Metabolic syndrome and insulin resistance

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Metabolic syndrome and insulin resistance are diseases that are associated with obesity, high blood pressure, risk of atherosclerosis, hypercholesterolemia and dyslipidemia. This tends to result in serious damage to the organs.

Insulin resistance[edit | edit source]

Insulin resistance is characterized by a reduced ability of tissues to respond to insulin (for example reduced production of insulin receptors).

Primary causes of insulin resistance[edit | edit source]

Polymorphism of gene IRS-1(important for insulin receptor function), genes for glycogen synthase or glucose transporters. It leads to hyperglycemia and thus to insulin resistance.

Secondary causes of insulin resistance[edit | edit source]

Stress (sympathoadrenal system) or infections caused by inflammation that lead to increased cortisol levels. This can also be caused by a hormonal disorder.

Cortisol increases blood glucose, to which the pancreas responds with increased insulin production.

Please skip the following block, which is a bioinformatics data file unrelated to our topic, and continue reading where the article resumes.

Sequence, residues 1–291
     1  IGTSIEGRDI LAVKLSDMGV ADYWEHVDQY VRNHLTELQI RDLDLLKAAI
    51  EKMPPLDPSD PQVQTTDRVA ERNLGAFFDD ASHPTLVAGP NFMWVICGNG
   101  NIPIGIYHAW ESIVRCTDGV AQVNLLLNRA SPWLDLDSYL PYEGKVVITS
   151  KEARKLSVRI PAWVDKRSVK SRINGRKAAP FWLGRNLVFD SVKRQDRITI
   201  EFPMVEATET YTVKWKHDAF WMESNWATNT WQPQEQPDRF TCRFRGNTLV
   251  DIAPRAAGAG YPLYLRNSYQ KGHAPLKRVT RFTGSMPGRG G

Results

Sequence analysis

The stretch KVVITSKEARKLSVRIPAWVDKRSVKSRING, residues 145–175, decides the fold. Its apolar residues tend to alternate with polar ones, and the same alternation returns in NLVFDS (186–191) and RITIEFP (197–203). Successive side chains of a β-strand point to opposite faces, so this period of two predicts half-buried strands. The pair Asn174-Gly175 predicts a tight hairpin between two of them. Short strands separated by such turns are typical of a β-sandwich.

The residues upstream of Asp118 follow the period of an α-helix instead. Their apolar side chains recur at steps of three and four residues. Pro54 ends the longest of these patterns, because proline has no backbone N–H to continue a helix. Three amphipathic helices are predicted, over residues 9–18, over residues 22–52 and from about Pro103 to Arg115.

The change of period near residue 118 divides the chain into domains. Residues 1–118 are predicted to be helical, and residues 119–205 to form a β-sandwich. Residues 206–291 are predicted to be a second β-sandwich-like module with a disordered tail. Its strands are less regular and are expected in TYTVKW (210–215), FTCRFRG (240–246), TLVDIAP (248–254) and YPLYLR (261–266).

Frequent increases in cortisol cause insulin resistance. Decreased glucose uptake leads to hyperglycemia. This condition tries to compensate the β-cells of the islets of Langerhans by producing insulin. In the short term, this compensation has a positive effect. Later, the expression of insulin receptors decreases, resulting in insulin resistance. Muscle and adipose tissue lack glucose uptake. Fat mobilization and lipolysis (increased plasma fatty acid concentrations) occur. Fatty acids affect sugar metabolism by reducing glucose uptake in muscle tissue. The glucose deficiency in cells increases glucagon production and induces gluconeogenesis in the liver. This increase in blood glucose conditions the production of additional insulin. Gluconeogenesis is also supported by the degradation of AMK.

Insulin resistance is the basic pathological unit of the metabolic syndrome.

Metabolic syndrome (Reaven syndrome)[edit | edit source]

Metabolic syndrome

A combination of some diseases and risk factors that lead to a number of health complications. They increase the risk of atherosclerosis and its associated complications (ischemic heart disease, ischemic lower limb disease, stroke).